LeAnn Wilson McGuire Writing her Right Brain column

Right Brain

Email is one of the most effective mediums in marketing. But it’s not magic. You do have to follow some standard procedures for it to work. Whether you’re new to emails altogether or you’ve just realized your email strategy needs a face-lift, we’ve got a few recommendations to get you moving in the right direction:

  1. KEEP IT SHORT

This is pretty much the rule of thumb for all things email. Subject line, headline, body copy, call to action – whatever it is, keep it brief. In today’s world of skimmers and scrollers, attention spans are short and people are distracted. You have just seconds (sometimes less) to grab their attention and convey a message. Yes, I said “A” message. As in one, singular message. Do NOT tell them everything.

There’s a popular saying in the marketing world that goes something like, “A good ad does one thing well, two things not well and three things not at all.” It’s true for emails too. Print it out and tape it to your wall. Get it tattooed on your arm. Do whatever you have to do to keep yourself from cluttering up your email with multiple messages.

NOTE: Obviously, newsletters are different because they are aptly-named letters about news, so multiple messages are okay there. But even your news should be short. Think blurbs, not articles.

  1. PERSONALIZE AND CUSTOMIZE

Guess what? People don’t care about you or your product/service. You know what they care about? Themselves. On the bright side, you can easily capitalize on the world’s inherent narcissism by personalizing your email campaigns. If you have a detailed contact list with first names, you can code a mass email to start with “Hi, WhatsYourName,” and everyone on your list will see their own name and receive a little shot of dopamine to their brains.

Research shows personalized email messages improve click-through rates by an average of 14% and conversions by 10%. And emails with personalized subject lines are 26% more likely to be opened. Now that’s worth a little extra coding, am I right?

But personalization isn’t just adding in a contact’s name. It’s about creating custom experiences tailored to a person’s individual preferences. That means knowing Jen is a woman so she gets the email promoting a new line of bikinis while Rob is a man so he gets the swim trunks. It could also mean segmenting your contacts based on behavior – You got Lisa’s email address because she downloaded your Gardening Guide, so you send her a coupon for planters or shovels. Or interest – DJ is a web developer so, even though your project management software works for all industries, you send him specific messaging about how it can help a web agency.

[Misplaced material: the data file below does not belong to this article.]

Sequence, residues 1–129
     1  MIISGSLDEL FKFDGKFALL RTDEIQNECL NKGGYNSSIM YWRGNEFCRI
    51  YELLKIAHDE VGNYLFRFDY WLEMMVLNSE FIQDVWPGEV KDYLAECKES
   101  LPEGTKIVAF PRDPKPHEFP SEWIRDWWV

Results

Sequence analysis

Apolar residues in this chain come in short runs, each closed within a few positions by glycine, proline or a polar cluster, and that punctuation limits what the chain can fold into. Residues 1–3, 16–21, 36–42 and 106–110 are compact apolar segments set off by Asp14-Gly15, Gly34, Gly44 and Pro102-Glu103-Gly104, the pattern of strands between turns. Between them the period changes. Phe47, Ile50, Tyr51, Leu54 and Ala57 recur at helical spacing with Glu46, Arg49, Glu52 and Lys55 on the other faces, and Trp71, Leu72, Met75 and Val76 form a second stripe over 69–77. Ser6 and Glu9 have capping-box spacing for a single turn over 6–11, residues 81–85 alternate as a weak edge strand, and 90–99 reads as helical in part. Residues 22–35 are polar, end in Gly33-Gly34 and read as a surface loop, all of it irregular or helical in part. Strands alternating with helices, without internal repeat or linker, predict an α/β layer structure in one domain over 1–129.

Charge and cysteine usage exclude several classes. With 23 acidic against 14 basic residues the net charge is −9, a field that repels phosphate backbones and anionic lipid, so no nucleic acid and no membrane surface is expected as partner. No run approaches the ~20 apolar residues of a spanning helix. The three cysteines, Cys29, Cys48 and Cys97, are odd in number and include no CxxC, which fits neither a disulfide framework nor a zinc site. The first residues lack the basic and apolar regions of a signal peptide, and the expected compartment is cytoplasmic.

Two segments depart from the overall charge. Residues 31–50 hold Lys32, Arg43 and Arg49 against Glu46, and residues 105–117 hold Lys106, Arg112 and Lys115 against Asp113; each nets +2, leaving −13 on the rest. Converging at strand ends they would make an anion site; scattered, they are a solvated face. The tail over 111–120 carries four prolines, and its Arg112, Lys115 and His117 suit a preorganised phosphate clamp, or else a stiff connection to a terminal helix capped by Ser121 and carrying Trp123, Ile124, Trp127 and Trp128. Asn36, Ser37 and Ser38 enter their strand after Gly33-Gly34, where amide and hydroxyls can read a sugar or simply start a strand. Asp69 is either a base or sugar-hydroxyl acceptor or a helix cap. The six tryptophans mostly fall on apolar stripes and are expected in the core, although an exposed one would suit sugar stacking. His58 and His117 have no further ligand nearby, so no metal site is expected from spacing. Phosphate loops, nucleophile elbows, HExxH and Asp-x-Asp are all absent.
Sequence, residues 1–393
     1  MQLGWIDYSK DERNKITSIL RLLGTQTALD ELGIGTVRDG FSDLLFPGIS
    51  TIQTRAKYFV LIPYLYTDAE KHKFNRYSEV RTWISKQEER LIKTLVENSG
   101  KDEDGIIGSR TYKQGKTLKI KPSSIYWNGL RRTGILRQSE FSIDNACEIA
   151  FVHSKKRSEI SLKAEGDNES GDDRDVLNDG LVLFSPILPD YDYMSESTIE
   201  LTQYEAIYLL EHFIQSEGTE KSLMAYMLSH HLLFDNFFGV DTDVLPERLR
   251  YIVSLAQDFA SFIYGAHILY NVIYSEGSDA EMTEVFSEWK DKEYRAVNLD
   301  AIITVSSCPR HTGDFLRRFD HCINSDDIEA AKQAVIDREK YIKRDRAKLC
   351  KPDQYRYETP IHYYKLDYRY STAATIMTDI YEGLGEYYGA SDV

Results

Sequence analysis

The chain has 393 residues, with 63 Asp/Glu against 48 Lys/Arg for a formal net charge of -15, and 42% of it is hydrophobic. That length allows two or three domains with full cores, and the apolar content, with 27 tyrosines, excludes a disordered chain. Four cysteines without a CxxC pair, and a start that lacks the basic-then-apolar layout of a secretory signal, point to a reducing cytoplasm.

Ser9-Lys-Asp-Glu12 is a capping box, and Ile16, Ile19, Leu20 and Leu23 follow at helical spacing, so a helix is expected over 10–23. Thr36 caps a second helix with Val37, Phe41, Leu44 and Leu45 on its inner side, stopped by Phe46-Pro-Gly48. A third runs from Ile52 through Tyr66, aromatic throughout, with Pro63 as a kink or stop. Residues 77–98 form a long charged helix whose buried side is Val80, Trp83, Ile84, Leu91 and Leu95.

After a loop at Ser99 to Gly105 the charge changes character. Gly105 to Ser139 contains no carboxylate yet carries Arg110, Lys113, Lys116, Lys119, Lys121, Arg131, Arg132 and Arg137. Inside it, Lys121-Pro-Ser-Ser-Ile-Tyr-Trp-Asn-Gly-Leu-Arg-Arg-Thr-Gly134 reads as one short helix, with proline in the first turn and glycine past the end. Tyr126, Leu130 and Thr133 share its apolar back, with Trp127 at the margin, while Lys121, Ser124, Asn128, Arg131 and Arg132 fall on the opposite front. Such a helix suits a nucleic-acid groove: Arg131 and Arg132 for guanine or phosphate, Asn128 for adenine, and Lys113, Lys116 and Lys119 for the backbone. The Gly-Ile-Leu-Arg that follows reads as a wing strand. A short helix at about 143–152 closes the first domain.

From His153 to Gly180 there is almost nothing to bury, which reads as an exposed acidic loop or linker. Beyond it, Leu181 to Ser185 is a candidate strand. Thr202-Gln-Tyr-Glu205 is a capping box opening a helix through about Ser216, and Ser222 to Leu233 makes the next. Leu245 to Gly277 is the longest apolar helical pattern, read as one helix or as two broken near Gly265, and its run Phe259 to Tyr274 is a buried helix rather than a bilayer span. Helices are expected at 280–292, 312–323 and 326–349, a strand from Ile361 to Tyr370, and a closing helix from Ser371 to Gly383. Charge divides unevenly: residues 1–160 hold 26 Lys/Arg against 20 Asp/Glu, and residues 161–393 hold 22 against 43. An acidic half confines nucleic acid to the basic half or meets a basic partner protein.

1. TRACK IT

In order to compile the kind of data that will allow you to personalize messages in the ways described above, you’ve got to track your website traffic. At the very least, put tracking code on every clickable button/image/word in your email. That way you can see how many people your email is pushing to your site and if they are exploring further.

Don’t forget to analyze your email results. Pay attention to your open rates and click-through rates and look for patterns to see what parts of your email people are responding to. Do subject lines with emojis perform better with your audience? Do emails with a blue call-to-action button have higher click-through rates? Test your copy and design to learn what works best for each of your audiences.

  1. JUST SEND IT

Let’s talk optimal send times. You’ve probably heard that studies show Tuesdays and Thursdays before noon perform best. The thing is, other studies show other things. If you dive into research on email performance, you’ll find some say B2C emails are best received on weekends and others say all emails perform best during the workweek. Some suggest inboxes are overloaded on Tuesdays (now that everyone thinks that’s the best time to send), so you should actually avoid the clutter and try a Thursday.

The truth is, discovering the optimal send times for your audience is a part of creating a customized email experience. So you’re going to have to do some testing and find out what’s best for your specific market.

The most important thing to remember is: Send it! If your email isn’t ready to go at 10 am on Tuesday (or whatever your optimal send time is), just send it Wednesday. What matters more than your timing, your creative and even your messaging, is your ability to get in front of your audience regularly. Email is one of the best tools out there for reaching your target market and keeping them engaged. So come up with a strategy, implement some A/B testing and push SEND.